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Last revision: 2006.07.10
Our fundamental mission is to accumulate and expand sociological knowledge, by studying the organizing principles, operational processes and historical change of society. We hold that the formation, operation and development of any society are both historically and locally specific as well as regionally and globally general. Hence, we emphasize both Taiwan Studies and the study of neighboring societies and Chinese societies at large. Moreover, we seek to advance comparative studies among different regions or societies that explore their inextricable interrelationships. The continual advancement of sociological knowledge demands commitment to dialogue and cooperation among sociologists and sociology organizations. The IOS aims to facilitate the systemization of important research areas, lead in the development of new research orientations, and strengthen cooperation and interaction among members of the sociology community. To fulfill this mission, we have oriented our activities towards the following six research areas and objectives.

1. Taiwan and Indigenous Research: Defining the Identity of Taiwanese Sociology
Local scholars may hold certain advantages over foreign ones, in that they have a different focus on and better means of access to local social lives, history, culture, political and economic problems, and public consciousness. The IOS encourages research that is focused on or oriented towards local complexities, and aims to define the unique identity of Taiwanese sociology, building on current strengths and stimulating greater breadth and depth in local research. However, the definition of local particularity is a process that involves engaging in dialogue with mainstream sociological theories, which have developed in European or American social contexts.

2. Research on Neighboring Societies: the Interactions and Comparisons between Taiwan and Neighboring Regions
Taiwan is part of the larger regions of East Asia and Southeast Asia. Historical legacies and contemporary developments have inextricably entwined Taiwan with its neighbors and overseas Chinese throughout the world. The sociological study of our neighboring societies and comparative perspectives increase our knowledge, not only of others but also of ourselves and our place in the larger region through its formation.

3. Cross-National Research
Cross-national and comparative research is an important way to establish general sociological knowledge. It helps local sociologists break the confines of their own areas or national identities. It also helps local sociologists and their works to reach a wider audience and deal with issues of international concern.

4. Systematizing Existing Research
In the research fields of a) social institutions, b) social inequality, and c) social processes, a thorough systematization is still needed to get an overall understanding. Research on social institutions has tended to focus on specific aspects of specific institutions. General knowledge of social institutions or the interrelations among different institutions is still lacking. Furthermore, institutions are central in bringing about rapid social change. Therefore, changes of specific institutions and their dialectical relations should be our focus for future research.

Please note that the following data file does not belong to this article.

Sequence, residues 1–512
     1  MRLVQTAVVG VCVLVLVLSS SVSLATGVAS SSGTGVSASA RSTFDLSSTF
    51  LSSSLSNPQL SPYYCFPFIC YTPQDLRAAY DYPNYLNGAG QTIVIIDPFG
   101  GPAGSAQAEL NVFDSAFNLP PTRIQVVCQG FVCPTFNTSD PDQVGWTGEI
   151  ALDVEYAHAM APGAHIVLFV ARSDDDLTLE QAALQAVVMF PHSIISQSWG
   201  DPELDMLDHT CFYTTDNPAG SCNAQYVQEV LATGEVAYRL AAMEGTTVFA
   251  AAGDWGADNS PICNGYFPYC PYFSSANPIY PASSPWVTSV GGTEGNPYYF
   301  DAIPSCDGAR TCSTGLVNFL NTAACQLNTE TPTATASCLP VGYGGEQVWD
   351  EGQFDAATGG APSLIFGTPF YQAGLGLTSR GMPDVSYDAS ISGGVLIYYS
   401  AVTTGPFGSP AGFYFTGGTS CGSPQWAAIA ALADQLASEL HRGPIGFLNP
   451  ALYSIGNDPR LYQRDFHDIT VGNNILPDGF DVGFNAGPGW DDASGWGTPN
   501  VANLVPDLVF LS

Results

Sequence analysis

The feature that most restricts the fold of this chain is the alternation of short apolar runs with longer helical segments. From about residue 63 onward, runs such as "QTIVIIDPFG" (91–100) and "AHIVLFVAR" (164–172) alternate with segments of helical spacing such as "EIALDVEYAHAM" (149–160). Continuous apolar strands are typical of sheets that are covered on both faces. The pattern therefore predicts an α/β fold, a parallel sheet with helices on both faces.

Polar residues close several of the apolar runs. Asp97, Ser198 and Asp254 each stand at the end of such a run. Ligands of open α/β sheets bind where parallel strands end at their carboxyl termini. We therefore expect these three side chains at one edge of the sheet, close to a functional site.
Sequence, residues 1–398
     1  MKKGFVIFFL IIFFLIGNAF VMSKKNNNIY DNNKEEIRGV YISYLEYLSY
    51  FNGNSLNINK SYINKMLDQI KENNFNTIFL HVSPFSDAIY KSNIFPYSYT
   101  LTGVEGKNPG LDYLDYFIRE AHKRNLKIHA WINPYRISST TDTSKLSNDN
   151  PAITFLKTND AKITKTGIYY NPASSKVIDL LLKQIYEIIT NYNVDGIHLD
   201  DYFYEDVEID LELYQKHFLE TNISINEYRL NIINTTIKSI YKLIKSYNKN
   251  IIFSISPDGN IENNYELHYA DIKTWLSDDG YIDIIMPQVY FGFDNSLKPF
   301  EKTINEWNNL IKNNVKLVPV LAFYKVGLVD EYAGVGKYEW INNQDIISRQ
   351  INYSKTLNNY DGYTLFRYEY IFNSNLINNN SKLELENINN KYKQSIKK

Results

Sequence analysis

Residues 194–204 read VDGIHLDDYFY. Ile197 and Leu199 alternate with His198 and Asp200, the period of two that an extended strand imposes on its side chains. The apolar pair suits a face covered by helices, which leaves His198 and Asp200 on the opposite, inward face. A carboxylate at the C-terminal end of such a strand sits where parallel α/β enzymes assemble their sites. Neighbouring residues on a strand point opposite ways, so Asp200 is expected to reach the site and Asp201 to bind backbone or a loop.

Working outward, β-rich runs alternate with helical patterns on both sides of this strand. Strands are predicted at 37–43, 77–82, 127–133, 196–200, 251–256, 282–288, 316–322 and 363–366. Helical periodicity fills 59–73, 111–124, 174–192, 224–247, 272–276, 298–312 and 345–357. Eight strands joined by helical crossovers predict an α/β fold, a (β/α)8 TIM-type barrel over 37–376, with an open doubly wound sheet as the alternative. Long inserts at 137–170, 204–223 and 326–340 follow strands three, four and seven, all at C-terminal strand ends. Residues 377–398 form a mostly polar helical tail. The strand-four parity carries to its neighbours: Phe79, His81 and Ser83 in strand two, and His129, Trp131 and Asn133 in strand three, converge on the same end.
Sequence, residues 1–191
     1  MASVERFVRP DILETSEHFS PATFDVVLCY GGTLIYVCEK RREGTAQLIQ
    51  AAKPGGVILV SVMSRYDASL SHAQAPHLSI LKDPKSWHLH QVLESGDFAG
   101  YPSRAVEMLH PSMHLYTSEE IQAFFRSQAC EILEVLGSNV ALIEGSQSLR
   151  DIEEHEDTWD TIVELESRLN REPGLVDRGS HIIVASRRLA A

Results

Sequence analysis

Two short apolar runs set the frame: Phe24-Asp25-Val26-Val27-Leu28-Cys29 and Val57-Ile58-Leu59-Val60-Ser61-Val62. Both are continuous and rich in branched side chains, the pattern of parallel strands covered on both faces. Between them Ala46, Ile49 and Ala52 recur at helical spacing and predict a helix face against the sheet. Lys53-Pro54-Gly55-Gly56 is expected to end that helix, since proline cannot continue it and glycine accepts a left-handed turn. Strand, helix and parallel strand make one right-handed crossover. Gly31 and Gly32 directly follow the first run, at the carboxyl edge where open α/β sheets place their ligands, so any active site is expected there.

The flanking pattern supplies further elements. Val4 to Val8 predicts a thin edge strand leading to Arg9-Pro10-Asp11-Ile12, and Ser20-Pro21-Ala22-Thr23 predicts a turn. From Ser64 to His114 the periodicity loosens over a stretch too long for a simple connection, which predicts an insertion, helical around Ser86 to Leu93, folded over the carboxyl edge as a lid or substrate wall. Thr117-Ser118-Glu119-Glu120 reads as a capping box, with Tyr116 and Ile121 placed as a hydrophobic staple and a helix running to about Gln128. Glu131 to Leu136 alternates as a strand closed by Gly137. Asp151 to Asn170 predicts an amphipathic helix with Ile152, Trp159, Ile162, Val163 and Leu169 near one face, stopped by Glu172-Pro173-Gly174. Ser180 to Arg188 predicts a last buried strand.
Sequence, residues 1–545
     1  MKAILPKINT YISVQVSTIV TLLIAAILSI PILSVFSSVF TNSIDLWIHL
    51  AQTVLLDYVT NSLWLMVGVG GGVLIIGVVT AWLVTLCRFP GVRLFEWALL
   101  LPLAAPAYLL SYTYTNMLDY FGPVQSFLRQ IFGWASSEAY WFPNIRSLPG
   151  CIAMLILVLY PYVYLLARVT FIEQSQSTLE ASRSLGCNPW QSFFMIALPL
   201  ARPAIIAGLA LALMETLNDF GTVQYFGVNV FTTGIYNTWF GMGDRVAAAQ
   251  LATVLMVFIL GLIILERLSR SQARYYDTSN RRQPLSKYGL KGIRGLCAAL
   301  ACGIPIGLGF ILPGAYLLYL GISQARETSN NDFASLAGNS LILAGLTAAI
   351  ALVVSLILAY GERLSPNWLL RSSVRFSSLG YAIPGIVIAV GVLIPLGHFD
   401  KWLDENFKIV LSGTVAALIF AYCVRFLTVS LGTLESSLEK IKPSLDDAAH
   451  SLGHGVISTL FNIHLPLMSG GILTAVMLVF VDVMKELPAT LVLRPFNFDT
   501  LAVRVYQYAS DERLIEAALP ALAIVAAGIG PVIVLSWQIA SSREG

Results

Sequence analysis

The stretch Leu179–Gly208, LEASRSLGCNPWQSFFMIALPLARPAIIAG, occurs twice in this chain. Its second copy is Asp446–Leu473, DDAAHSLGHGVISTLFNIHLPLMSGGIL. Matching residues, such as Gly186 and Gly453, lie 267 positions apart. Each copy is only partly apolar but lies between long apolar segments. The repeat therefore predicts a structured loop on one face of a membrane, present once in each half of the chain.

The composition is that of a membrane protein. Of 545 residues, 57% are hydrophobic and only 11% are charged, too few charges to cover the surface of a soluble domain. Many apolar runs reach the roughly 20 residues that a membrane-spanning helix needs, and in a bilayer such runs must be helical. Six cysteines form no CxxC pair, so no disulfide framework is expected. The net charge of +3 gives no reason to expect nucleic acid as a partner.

As for research on social inequality, the institute wants to strengthen and systematize our current knowledge of both Taiwanese society and Chinese societies elsewhere. We need to examine the phenomenon of inequality, as well as the theoretical concerns it involves. We should also be concerned with the relations between different kinds of inequality. In addition to continuing the study of social inequality in Taiwan, it is important to study inequality in all Chinese societies to explore the essential factors involved in social inequality as well as their sociological significance.
Finally, in our research on social processes, we should look into social change in general, and into social change caused by social movements and institutional change. We have already initiated studies on social movements, ethnic relations and labor processes. We have a long-term commitment to research in these areas.

5. Developing New Research Agenda
Openness is a sine qua non for creative academic research. Our policy of being open to new areas of research requires flexible organizational structure and directional planning. This institute provides essential resources to allow us to advance into new and important areas, and will recruit creative sociology talent, especially researchers with strengths in areas the Institute has not yet explored. New paradigms in the social sciences and humanities always emerge.
The institute will continue to encourage research guided by new research agendas. As we expand into the future, we will keep our prospects and the development of the discipline under close consideration in an effort to avoid fixation on certain interests and approaches.

6. Strengthening the Profession of Sociology and the Community of Sociologists
The sociological community in Taiwan has been growing since the 1980s. This growth has been uneven, however. As a rule, academic communities require effective organization and linkages to develop and excel. With this in mind, the IOS will work with other organizations and institutions in Taiwan, in order to achieve closer cooperation through constructive dialogue and extensive discussion. In recent years, members of the Institute have composed the majority of the board members of the Taiwanese Sociological Association. We are also active in advising many graduate students enrolled in major universities. The IOS is thus well-placed to contribute to the development both of the discipline of sociology and of the community as a whole, now and in the future.
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